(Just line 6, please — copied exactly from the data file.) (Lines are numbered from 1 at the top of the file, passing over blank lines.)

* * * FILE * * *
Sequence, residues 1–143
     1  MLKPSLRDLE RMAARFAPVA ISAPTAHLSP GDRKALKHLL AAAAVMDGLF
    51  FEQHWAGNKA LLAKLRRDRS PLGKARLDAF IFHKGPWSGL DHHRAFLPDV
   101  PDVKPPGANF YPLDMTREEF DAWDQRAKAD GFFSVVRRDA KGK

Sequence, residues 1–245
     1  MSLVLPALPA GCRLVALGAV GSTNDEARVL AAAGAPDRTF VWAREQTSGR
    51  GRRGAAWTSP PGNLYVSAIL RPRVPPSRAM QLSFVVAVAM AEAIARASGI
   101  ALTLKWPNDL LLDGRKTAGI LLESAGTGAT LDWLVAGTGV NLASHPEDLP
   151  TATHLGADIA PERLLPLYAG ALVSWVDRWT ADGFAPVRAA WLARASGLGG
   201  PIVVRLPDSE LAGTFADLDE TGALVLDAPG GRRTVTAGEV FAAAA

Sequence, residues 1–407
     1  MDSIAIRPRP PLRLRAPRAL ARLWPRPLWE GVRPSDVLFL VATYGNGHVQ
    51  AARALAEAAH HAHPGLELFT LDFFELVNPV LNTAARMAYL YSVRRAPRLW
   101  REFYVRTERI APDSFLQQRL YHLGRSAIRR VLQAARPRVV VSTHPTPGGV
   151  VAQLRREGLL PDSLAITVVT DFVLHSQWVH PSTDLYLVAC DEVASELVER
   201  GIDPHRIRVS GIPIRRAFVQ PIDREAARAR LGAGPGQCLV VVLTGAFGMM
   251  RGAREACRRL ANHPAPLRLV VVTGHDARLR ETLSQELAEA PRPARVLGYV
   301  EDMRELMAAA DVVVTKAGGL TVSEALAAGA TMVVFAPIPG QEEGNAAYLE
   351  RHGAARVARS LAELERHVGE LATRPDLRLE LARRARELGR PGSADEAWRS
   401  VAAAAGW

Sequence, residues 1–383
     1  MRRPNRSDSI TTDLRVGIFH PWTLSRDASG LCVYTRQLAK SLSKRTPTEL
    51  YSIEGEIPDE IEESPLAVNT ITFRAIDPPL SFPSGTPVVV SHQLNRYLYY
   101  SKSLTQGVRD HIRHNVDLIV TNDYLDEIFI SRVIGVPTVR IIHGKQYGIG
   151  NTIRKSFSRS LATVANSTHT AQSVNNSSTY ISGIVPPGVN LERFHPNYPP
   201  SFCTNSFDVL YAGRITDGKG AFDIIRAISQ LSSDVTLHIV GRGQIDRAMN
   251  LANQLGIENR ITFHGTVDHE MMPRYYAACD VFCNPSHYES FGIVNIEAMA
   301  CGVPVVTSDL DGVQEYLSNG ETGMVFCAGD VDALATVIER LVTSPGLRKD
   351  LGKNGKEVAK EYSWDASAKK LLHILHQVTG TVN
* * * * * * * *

     1  MSLVLPALPA GCRLVALGAV GSTNDEARVL AAAGAPDRTF VWAREQTSGR